Ps on Emwave

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MASSACHUSETTS INSTITUTE OF TECHNOLOGY Department of Electrical Engineering and Computer Science Problem Set No. 2 6.632 Electromagnetic Wave Theory Issued: 02/15/07 R Spring Term 2007 Due: 02/22/07 R -----------------------------------------------------------------------------Reading assignment: Section 3.2 J. A. Kong, “Electromagnetic Wave Theory” Problem P2.1 (a) The complex permittivity for bottom round steak is about = 40(1 + i0.3) o at the operating frequency (2.5 GHz) of a microwave oven. What is the penetration depth? (b) Calculate loss tangents and skin depths for sea water at frequencies 60 Hz and 10 MHz. Sea water can be characterized by conductivity σ = 4 mho/m , permittivity = 80 0 , and permeability µ = µo at those frequencies. (c) A 100-Hz electromagnetic wave is propagating down into the sea water with an electric field intensity E of 1 V/m just beneath the sea surface. What is the intensity of E at a depth of 100 m? What are the time-average Poynting’s power densities just beneath the surface and at a depth of 100 m? Problem P2.2 Superconductivity was first observed by Kamerlingh Onnes in 1911. In 1933 Meissner and Ochsenfeld discovered that superconducting metals cannot be penetrated by magnetic fields. Magnetic fields are expelled from a normal metal when it is cooled to the superconducting state. The macroscopic theory of superconductivity was developed by London and London in 1935 followed by the microscopic theory of Bardeen, Cooper and Schrieffer in 1957. A simple model of superconductivity calls for an electron plasma with a very high electron density N . (a) Show that the penetration depth of a plasma with very large N takes the form dp = m N e2 µ0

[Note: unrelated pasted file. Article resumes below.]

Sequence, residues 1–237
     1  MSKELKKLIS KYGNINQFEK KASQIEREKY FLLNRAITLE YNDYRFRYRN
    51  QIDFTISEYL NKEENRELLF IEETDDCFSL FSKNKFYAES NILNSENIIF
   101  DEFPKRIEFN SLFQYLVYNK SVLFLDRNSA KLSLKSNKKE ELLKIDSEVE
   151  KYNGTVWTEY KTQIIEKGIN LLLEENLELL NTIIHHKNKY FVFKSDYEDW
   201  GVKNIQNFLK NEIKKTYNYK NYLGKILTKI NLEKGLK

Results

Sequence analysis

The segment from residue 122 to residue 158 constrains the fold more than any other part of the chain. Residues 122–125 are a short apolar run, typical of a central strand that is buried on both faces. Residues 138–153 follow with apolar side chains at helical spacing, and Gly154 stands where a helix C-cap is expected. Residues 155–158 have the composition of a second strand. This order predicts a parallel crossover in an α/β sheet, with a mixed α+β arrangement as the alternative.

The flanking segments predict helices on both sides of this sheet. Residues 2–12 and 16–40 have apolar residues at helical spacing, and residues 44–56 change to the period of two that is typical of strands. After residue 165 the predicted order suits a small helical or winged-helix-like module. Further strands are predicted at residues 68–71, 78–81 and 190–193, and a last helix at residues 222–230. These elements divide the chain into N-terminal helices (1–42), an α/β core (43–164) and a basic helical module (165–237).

(b) Letting N = 7 × 1028 m−3 , calculate dp . (c) Compare the above result with the skin depth of a good conductor. Explain why a very slowly varying magnetic field can penetrate a good conductor but not a superconductor. Problem P2.3 An electron plasma becomes anisotropic when an external dc...
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